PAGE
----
Christmas Weekday - Monday

January 2, 2017 / By: Jennifer Wright

So, here we are, on the ninth day of Christmas.  This holy explosion of joy over the incarnation of our Lord and Savior, the creator of the heavens and the earth, as a tiny, helpless human babe is much too big to be contained in a single day.  And if we limit our Christmas celebration to December 25, we are likely to be so overwhelmed that we can’t really absorb the incredible impact of this best of Good News.  So keep the Christmas celebration going – God is with us!  Emmanuel!! 

Today’s Common Lectionary Readings focus on what it means to live out that Good News.  It means that we need to constantly remember that the battle is won – all that is left are the mopping up operations.  God won the battle for us, by coming to live among us, as one of us.  And if we truly believe that God has redeemed and saved the world, then we need to trust in God in all the details of our lives.  The reading from Hebrews (Heb. 11:1-12) gives examples of people who staked their entire lives on God, acting in trust in God’s goodness and power.  Noah builds an ark, no doubt to the derision of his neighbors, because God tells him it will be needed.  Abram ups and leaves his home and moves into a strange land based on God’s promise of a great posterity.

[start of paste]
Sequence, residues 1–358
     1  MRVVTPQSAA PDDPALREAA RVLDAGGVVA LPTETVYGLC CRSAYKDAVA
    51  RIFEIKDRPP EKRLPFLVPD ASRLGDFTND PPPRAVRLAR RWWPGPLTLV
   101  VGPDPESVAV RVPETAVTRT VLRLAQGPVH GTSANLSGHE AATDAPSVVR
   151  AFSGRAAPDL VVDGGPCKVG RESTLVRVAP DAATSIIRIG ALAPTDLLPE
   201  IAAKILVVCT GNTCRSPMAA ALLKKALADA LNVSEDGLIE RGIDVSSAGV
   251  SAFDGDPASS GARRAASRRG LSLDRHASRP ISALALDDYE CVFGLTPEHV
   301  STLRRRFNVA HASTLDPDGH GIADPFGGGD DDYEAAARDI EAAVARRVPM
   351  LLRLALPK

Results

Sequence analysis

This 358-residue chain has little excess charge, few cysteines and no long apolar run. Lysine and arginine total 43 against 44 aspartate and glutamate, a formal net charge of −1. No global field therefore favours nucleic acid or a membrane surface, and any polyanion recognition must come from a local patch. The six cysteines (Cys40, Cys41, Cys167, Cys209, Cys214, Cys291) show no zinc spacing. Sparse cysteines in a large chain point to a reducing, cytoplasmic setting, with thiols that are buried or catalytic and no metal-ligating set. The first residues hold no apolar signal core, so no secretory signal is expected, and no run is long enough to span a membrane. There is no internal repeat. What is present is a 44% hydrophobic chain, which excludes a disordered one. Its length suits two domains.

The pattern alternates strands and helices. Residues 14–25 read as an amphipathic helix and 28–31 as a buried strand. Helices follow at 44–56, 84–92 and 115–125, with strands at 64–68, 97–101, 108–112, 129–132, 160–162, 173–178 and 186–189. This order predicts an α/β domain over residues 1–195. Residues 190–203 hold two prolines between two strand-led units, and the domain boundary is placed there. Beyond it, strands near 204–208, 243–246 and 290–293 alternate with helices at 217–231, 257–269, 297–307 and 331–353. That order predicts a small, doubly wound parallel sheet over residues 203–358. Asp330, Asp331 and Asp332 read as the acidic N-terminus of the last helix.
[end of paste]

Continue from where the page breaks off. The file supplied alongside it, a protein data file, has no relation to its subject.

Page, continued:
Has there been a time in your life when God has called you to act, when it was not clear why or what would happen if you obeyed?  I have received these calls on occasion, sometimes calling me to drastically reshape my life from the path I had planned.  I have come to see that it is for my sake that the reasons behind the call remain obscure at the moment of choice.  It is important for us to step out blindly in faith, on occasion.  We need to experience viscerally the reality that we are dependent on God in everything we do.  If our discernment of the call is true, then we will receive gifts unsuspected and unrequested after we respond to the call.  But we can’t know what will happen until we step out in faith.  

Jennifer Wright, Professor of Law, School of Law